Wildetecture and the wildetects consist of 3 African fauvistic designers. Warren and Dean Hoffman and Quinton Damstra. Each new potential client and design is approached from 3 different perspectives, with the strongest wildetect design becoming the eventual focus. They were recently approached by a Scottish engineering firm looking for furniture pieces suited to their new offices. The company’s background is of Viking descent, and they wanted the furniture to be themed accordingly. The company also specializes in marine engineering, and wanted that element to be prominent in the design of the furniture. Working together, we explored a number of Viking themed concepts, from Viking boat design, to wave algorithms. The concepts were unconventional and honestly, quite uncanny, but after much concept evolution, we sculpted and crafted the final design.
From glass tops to raw steel end stand finishes, this Viking-inspired design has spared no detail. The design has been carefully processed through several Wildetect phases: sketch, blue prints, models, drafts, artist impressions and prototypes. The VNLT end product is as visually powerful as it is delicate. To achieve this fine balance of intricate and delicate strong lines was a timeous subtle process. To fully appreciate the nuances of past, present and future, the Wildetect creative needs to explore many avenues of thought and influence.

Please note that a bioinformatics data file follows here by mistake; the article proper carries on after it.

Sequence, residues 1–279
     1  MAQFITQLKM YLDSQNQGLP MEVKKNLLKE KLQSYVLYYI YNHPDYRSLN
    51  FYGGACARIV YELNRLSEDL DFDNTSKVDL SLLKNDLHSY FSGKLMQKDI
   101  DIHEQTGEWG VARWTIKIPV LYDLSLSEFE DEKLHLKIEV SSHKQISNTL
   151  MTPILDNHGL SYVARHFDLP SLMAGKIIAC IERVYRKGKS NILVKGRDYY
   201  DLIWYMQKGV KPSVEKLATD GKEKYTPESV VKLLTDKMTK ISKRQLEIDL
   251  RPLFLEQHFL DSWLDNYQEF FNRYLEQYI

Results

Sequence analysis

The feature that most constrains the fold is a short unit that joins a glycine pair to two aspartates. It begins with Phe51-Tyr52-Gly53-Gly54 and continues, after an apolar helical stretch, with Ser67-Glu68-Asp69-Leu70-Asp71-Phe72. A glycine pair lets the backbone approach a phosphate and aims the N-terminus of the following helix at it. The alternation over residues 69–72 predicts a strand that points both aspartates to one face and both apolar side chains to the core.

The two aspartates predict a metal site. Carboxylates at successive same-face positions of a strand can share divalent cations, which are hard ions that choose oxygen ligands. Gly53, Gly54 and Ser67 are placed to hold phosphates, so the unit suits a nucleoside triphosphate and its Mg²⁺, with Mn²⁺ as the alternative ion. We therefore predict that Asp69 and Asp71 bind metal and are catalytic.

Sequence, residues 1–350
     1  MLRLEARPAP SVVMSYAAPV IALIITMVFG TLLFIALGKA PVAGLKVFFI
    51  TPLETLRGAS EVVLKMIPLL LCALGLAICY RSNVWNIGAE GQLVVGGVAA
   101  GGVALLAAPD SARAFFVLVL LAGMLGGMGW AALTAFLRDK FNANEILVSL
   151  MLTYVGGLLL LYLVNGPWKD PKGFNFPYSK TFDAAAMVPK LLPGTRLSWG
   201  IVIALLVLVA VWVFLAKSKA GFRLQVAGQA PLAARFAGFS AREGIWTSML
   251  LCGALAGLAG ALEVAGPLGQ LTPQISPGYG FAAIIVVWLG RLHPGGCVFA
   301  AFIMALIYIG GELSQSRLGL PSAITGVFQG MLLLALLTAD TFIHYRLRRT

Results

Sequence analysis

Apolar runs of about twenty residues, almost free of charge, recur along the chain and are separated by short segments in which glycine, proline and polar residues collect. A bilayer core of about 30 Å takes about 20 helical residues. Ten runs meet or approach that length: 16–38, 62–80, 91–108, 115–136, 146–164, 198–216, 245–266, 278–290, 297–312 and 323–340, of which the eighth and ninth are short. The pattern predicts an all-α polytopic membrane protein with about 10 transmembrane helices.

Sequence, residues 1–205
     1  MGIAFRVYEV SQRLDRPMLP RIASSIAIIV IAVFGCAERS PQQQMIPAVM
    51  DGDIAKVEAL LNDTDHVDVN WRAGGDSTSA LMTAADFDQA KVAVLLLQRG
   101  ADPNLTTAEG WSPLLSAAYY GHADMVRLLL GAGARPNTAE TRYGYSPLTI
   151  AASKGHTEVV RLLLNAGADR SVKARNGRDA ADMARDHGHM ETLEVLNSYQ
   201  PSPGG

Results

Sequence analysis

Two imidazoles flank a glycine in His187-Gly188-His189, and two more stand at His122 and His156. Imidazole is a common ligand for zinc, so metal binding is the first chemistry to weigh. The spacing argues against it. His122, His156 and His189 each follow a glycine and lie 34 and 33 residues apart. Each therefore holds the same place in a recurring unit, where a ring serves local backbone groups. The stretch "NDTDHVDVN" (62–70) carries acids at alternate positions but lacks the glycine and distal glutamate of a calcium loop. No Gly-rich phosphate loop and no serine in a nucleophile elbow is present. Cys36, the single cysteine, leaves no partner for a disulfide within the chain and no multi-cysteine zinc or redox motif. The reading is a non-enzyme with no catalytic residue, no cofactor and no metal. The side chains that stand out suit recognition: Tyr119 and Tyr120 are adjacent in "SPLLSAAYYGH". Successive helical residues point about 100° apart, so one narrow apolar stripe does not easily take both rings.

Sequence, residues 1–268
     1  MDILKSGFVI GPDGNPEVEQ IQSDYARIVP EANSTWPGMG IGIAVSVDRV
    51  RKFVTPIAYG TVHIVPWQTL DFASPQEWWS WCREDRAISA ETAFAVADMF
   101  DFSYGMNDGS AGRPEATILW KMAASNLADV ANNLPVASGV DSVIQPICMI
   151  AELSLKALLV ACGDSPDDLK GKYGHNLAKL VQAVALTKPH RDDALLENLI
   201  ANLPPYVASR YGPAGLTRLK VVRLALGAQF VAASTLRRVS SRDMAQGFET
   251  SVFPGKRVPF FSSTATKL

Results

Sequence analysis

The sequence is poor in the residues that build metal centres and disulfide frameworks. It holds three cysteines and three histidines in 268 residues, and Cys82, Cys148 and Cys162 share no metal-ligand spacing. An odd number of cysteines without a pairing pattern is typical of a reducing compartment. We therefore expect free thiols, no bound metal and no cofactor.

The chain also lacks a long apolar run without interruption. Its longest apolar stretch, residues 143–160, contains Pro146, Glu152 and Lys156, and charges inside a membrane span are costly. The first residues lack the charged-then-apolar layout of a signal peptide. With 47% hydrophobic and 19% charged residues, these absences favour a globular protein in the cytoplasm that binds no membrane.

The principle wildetect designer on this project was Dean Hoffman. His ability to embrace and pack down skeletal form from machine through to organic elements is unique. The Viking norse table’s progression as interpreted by Wildetect 2 of 3 has embraced the concept of past identity, whilst continually trying to understand current influence. The sturdy, solid, robust ships spine center is offset by the delicate, playful steel double bow elements. The undeniable whale skeletal influence is also a design thread that cannot be ignored.
This Wildetecture example exemplifies exploring design concepts through ancestral influence. It’s a vehicle to a sense of rightfully belonging. The outcome is a beautiful piece that will grace the board room of a Scottish shipping company that appreciates the concept of a warm welcome from a far off distant shore.